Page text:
ZX Spectrum Gets A 3D FPS Engine

The Sony PlayStation and Nintendo 64 are well-known for bringing 3D gaming into the mainstream in a way that preceding consoles just couldn’t. The ZX Spectrum, on the other hand, is known for text adventures and barebones graphics. However, it now has a rudimentary version of a Quake-like engine, as demonstrated by [Modern ZX-Retro Gaming].

As you might expect, the basic ZX Spectrum that sat in front of your dodgy old TV in the 1980s isn’t really up to the task of running a full 3D game. The engine runs at a fairly jerky frame rate on a 3.5 MHz ZX Spectrum, with purely monochrome graphics. However, the game can run more smoothly on 7, 14, and 28MHz ZX Spectrum compatibles. As with many such projects, most of the video you’ll see is of the game running in emulators. Impressively, the game features sound effects, three weapons, and a standard WASD control layout as per modern FPS games.

If you’re wondering about the confusing visuals, there’s a simple explanation. Yes, the UI and weapons are straight out of Doom. However, the game is running on a true 3D engine, with 3D enemies, not sprites. It’s inspired by the full 3D engine pioneered by Quake, hence the designation.

Files are available for those wishing to try it out at home. We do see a fair bit of the ZX Spectrum around these parts. Video after the break.

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Quake 2 Ported To Apple Watch

DOOM always seems to spontaneously appear on any new device the day it’s released. From printers to industrial robots to pregnancy tests, it always makes its way on anything with an integrated circuit and a screen. But that’s not the only 90s video game with a cult following and and ability to run on hardware never intended for gaming. The early Quake games are still remarkably popular, and the second installment of this series was recently brought to the Apple Watch thanks to [ByteOverlord].

Building this classic for the Apple Watch requires using the original Quake files and some work with Xcode to get a package together that will run on the wrist-bound computer. There are a few other minimum system requirements to meet as well, but with all of that out of the way the latest release runs fairly well on this small watch. The controls have been significantly modified to use the Apple’s touch screen and digital crown instead of any peripherals, and as a result it’s not likely you’d win any matches if it was possible to cross-play with PC users with a setup like this, but it’s definitely playable although still missing a few features compared to the PC version.

This actually isn’t the first Quake game to be ported to the Apple Watch, either. The first version of Quake ran on this device thanks to [MyOwnClone]’s efforts a little over a year ago. It’s also not the first time we’ve seen Quake running on unusual Apple hardware, either. Take a look at this project which uses one of the early iPods to play this game, along with the scroll wheel for a one-of-a-kind controller.

Thanks to [Joni] for the tip!

Adding Portals To Quake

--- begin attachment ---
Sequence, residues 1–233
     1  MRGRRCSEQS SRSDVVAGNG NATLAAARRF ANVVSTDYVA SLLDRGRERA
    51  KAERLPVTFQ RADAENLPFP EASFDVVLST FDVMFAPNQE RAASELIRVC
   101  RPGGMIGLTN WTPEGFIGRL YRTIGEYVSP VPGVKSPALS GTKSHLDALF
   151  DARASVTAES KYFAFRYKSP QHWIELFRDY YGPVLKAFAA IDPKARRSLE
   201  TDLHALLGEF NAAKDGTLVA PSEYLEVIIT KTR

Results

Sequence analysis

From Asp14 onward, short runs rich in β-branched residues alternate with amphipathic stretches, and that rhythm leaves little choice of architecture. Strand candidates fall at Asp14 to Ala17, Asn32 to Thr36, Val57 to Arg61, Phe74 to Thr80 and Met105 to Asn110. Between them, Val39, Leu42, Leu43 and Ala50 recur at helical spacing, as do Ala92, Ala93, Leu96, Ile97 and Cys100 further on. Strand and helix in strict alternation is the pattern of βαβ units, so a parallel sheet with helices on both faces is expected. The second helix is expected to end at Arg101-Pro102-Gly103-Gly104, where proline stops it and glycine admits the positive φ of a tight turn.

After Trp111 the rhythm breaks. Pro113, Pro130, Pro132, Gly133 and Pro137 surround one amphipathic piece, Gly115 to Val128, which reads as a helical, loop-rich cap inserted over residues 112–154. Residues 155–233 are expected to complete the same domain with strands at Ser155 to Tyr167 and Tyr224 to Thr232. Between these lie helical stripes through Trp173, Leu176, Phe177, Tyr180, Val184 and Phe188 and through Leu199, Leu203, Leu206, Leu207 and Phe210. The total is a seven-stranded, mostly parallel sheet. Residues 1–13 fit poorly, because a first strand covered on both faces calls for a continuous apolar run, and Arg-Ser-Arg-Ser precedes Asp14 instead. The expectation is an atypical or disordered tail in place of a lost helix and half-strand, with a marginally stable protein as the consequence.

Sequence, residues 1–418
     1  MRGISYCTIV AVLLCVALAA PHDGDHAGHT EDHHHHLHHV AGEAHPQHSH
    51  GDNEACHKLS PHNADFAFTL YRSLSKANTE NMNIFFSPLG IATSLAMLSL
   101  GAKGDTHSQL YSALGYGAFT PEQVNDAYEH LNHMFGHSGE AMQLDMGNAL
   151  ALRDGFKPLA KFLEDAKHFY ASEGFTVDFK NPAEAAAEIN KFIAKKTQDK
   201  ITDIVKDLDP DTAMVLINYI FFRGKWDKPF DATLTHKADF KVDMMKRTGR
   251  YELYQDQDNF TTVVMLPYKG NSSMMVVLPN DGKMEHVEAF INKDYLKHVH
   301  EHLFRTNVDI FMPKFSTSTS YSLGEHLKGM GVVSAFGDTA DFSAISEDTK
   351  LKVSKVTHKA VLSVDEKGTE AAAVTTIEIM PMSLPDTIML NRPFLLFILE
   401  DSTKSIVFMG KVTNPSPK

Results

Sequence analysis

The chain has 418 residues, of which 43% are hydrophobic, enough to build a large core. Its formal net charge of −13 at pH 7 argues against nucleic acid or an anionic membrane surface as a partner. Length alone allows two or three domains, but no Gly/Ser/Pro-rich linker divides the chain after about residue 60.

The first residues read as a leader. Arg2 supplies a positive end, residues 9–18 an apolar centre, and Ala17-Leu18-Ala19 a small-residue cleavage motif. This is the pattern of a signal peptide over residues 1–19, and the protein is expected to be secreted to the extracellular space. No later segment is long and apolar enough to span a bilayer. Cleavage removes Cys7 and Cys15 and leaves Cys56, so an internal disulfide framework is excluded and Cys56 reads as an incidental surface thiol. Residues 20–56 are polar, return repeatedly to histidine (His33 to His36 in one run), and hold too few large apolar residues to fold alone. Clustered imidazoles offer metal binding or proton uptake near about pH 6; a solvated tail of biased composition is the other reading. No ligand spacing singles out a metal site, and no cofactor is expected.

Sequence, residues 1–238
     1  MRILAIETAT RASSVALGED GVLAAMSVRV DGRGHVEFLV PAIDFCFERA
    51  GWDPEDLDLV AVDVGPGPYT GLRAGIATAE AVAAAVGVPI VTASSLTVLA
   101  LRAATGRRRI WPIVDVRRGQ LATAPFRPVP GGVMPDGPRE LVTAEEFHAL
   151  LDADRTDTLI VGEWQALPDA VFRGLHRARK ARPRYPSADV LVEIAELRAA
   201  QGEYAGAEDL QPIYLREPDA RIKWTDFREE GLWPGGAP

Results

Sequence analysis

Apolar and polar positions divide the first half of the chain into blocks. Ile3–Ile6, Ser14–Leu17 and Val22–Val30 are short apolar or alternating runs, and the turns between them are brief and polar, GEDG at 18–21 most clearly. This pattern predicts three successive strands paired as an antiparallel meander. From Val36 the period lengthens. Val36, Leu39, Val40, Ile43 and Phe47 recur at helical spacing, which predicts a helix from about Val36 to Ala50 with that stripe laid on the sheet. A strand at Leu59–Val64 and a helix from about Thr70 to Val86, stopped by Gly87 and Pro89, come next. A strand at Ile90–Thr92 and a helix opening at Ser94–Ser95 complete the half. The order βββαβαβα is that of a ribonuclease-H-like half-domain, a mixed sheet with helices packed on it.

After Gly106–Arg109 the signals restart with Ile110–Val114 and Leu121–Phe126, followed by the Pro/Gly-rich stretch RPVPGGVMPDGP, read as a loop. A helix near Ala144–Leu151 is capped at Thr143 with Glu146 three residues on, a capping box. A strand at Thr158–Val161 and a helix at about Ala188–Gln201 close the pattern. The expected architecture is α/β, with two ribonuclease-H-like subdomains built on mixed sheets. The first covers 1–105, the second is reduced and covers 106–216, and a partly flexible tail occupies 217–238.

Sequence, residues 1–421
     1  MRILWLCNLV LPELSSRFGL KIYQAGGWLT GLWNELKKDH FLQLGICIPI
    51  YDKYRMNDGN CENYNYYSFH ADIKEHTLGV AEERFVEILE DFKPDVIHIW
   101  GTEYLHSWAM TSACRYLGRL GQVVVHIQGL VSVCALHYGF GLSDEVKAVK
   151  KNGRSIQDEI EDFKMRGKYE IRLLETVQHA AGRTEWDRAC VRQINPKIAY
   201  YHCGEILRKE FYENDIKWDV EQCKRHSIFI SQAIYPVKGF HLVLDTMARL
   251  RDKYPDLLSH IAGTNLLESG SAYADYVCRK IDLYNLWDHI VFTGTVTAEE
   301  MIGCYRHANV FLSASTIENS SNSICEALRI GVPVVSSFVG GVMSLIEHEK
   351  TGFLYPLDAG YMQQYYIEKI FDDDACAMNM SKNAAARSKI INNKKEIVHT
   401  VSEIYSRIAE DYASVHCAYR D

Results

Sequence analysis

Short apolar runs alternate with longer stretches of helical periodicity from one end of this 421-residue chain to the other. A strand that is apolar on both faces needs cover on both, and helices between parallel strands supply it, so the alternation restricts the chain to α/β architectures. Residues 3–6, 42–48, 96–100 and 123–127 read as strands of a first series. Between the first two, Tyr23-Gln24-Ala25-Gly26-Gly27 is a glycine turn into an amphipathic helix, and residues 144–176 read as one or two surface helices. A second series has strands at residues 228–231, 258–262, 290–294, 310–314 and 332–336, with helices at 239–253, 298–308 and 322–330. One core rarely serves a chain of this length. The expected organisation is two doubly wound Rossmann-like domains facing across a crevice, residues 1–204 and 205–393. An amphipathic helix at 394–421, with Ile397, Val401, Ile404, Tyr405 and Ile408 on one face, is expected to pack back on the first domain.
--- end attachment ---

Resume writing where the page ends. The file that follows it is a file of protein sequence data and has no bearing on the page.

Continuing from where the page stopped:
For those who have played Quake extensively, adding portals seems unnecessary, as teleporters are already a core part of the game mechanics. What [Matthew Earl] accomplishes is more of the Portal style of portal by rendering what is on the other side of the portal with a seamless teleportation transition.

Of course, Quake is an old game with a software renderer. Just throwing another camera into the scene, rendering to another texture, and then mapping that texture to the scene isn’t an option. Quake uses an edge rasterizer and generates spans along scanlines that track where edges intersect the current scanline. Rather than making expensive per-pixel comparisons, [Matt] stashes the portal spans and renders them in a second render, so even with multiple portals, only a single screen’s worth of pixels are rendered.

However, this technique has no near clipping plane, which means objects can appear in the portal that don’t make any sense as they are in front of the portal’s viewpoint. Luckily, Quake has an ingenious method for polygon occlusion: the BSP. While [Matt] is manually checking polygons, the BSP is the perfect tool for bisecting a room along a plane. It’s an incredible hack, and we’re excited to see Quake expand into a puzzle game. [Matt] dives into greater detail on how the software renderer works in another video that’s well worth a watch.

Perhaps the most incredible aspect of this technique is that it could run on original hardware. If you want to bring a little more Quake to life, why not get the Quake light flicker in your house? Video after the break.

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Bringing The Quake Flicker To Life With A Hacked Light

If you ever feel a pang of shame because you’ve been reusing the same snippets of code in your projects for years, don’t. Even the big names do it, as evidenced by the fact that code written to govern flickering lights back in 1996 for Quake is still being used in AAA titles like 2020’s Half-Life: Alyx. In honor of this iconic example of digital buck-passing, [Rodrigo Feliciano] thought he’d port the code in question over to the Arduino and recreate the effect in real-life.

Since the Quake engine has been released under the GPLv2, it’s easy to pull up the relevant section of the code to see how the lighting was configured. Interestingly, lighting patterns were implemented as strings, where the letters from a to z referenced how bright the light should appear. So for example, a strobe light that goes between minimum and maximum brightness would be written as “aaaaaaaazzzzzzzz”, while a flickering light could be represented with the string nmonqnmomnmomomno“.

An emergency light provided the LEDs and enclosure.

This ended up being very easy to implement on the Arduino in just a few lines, as [Rodrigo] simply had to assign each letter in the string a numerical value between 0 and 255 using map, and then use the resulting number to set the LED brightness with analogWrite.